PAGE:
This is WEEKEND EDITION, from NPR News. I'm Rachel Martin. Simpson, Bowles - the names flew by eight times, without explanation, during Wednesday's presidential debate. Google reported that Simpson-Bowles was among the most searched-for terms online that night. The reference was to Republican elder statesman Alan Simpson and his Democratic counterpart, Erskine Bowles. The two headed a 2010 commission on the national debt.

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Around the Nation
4:55 am
Sun October 7, 2012

Thousands Hold Fast To Tradition Of Oral Storytelling

Originally published on Tue October 9, 2012 10:24 am

Transcript

RACHEL MARTIN, HOST:

Before Twitter, radio, even electricity - in fact, going all the way back to pre-historic times, people gathered around fires to listen to stories. Even though the glow of computers has replaced the warmth of the campfire for most of us, some folks still hold fast to the tradition of oral storytelling.

As Missy Shelton reports, nearly 10,000 people have gathered this weekend for the National Storytelling Festival in northeast Tennessee to hear professional tellers weave some good yarns.

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The Picture Show
3:15 am
Sun October 7, 2012

Catching The 'Shadow' Of A Lost World

Wedding party, 1914. A still from the film In the Land of the Head Hunters, in which Curtis sought to re-create a mythic story of the Kwakiutl.
Edward Curtis Library of Congress

Originally published on Tue October 9, 2012 10:24 am

Photographer Edward Curtis started off his career at the tail end of the 19th century, making portraits of Seattle's wealthiest citizens. But a preoccupation with Native Americans and a chance encounter on a mountaintop triggered an idea: Curtis decided to chronicle the experience of the vanishing tribes — all of them. It was an unbelievably ambitious project that would define Curtis, his work and his legacy.

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Author Interviews
3:11 am
Sun October 7, 2012

'Wooden Floors' Pack Hidden Thrill In Author's Debut

Wooden floor and chair
iStockphoto.com

Originally published on Tue October 9, 2012 10:24 am

Housesitting is a delicate chore. It involves inhabiting someone else's home — their personal space, watching over their stuff — and sticking to the Boy Scouts' creed to leave no trace. That's pretty much the opposite of what happens in Will Wiles' debut novel, Care of Wooden Floors. It's the story of an already strained friendship pushed to the breaking point by a housesitting favor gone terribly, terribly wrong.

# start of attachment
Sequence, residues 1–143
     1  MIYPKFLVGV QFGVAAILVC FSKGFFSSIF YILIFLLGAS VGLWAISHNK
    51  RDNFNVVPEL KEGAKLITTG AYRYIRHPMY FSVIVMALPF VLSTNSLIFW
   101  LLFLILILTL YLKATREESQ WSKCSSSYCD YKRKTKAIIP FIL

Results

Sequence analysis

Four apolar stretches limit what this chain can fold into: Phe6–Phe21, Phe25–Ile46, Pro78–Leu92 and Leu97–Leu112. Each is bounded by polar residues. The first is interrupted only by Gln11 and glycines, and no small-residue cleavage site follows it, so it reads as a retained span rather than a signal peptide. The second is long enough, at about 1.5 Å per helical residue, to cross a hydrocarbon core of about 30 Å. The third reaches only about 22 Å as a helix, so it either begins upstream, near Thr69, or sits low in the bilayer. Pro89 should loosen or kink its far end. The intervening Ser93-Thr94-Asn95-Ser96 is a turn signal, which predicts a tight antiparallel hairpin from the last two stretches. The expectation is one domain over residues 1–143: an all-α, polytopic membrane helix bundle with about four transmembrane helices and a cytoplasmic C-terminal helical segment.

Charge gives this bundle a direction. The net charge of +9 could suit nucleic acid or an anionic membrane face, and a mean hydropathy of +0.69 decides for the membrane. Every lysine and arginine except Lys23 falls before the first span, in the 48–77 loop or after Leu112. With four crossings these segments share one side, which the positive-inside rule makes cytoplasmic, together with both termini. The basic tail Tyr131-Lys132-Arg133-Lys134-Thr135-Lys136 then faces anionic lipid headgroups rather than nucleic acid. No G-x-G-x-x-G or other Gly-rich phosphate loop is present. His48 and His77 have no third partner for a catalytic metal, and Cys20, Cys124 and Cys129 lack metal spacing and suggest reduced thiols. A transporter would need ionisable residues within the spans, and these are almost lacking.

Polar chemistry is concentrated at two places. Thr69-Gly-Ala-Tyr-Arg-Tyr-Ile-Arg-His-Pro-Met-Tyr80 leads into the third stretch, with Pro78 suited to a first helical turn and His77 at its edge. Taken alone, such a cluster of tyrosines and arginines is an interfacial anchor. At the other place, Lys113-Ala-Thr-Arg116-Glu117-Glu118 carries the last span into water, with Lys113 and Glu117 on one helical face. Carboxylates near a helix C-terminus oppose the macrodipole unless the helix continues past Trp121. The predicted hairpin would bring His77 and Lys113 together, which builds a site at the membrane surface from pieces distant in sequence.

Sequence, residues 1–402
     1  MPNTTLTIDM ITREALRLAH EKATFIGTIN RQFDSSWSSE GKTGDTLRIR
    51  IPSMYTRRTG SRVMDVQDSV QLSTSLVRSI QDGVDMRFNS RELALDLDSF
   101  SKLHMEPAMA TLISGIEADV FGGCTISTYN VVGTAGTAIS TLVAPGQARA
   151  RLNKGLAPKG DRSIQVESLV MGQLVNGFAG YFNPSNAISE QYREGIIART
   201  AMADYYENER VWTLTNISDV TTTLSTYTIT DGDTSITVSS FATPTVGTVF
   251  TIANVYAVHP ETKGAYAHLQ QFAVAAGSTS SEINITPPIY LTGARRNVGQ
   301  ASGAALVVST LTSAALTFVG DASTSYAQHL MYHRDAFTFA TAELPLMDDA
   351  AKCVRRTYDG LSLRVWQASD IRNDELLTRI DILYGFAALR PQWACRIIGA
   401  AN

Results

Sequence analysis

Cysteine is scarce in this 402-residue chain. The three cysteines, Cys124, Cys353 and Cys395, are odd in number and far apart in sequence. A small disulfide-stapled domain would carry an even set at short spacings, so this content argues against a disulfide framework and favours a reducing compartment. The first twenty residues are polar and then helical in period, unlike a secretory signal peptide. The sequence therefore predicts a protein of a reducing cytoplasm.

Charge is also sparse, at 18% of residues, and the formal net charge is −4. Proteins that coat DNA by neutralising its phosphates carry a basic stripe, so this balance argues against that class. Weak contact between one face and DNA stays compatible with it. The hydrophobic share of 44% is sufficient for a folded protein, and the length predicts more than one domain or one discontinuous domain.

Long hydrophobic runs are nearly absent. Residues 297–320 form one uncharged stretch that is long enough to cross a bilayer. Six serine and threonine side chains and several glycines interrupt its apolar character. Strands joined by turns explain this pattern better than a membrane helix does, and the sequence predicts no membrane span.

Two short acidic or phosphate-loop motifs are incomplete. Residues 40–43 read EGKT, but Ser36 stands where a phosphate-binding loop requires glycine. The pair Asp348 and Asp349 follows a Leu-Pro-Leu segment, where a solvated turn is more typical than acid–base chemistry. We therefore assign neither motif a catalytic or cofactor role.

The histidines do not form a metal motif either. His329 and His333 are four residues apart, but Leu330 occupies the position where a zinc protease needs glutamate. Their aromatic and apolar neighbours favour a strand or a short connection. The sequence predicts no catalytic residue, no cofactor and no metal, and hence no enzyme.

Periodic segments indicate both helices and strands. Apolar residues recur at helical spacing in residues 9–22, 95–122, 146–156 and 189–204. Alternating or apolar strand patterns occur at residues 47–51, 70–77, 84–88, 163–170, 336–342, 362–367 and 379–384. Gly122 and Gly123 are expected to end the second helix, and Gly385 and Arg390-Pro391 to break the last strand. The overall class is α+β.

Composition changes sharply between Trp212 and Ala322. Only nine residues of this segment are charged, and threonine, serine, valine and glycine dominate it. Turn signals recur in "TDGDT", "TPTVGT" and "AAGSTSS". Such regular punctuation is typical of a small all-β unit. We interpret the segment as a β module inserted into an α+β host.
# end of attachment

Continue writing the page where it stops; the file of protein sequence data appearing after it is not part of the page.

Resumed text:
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Television
3:11 am
Sun October 7, 2012

TV's Britton Fights To Stay In Nashville's Lights

Country singer Rayna James (Connie Britton) has got a big voice, big hair and big problems in Nashville on ABC.
Katherine Bomboy-Thornton ABC

Originally published on Tue October 9, 2012 10:24 am

If you're a country music fan, the name Rayna Jaymes may not ring a bell. That's because Rayna Jaymes is a fictional character played by actress Connie Britton. Britton stars in the new TV series Nashville, which premieres this Wednesday on ABC.

TV fans will know Britton for her Emmy-nominated roles in American Horror Story and Friday Nights Lights, in which she played Tami Taylor, the wife of a high school football coach in a small Texas town.

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Music Interviews
11:03 pm
Sat October 6, 2012

Holly Golightly: Singing In The Back Of The Revival Tent

Holly Golightly and Lawyer Dave look to midcentury R&B and gospel on their latest album, Sunday Run Me Over.
Courtesy of the artist

Originally published on Tue October 9, 2012 10:24 am

For more than 20 years, the British songwriter Holly Golightly — yes, named for the heroine in Breakfast at Tiffany's — has been a lo-fi artist with a spare, stripped-down sound that hits you somewhere in the midsection.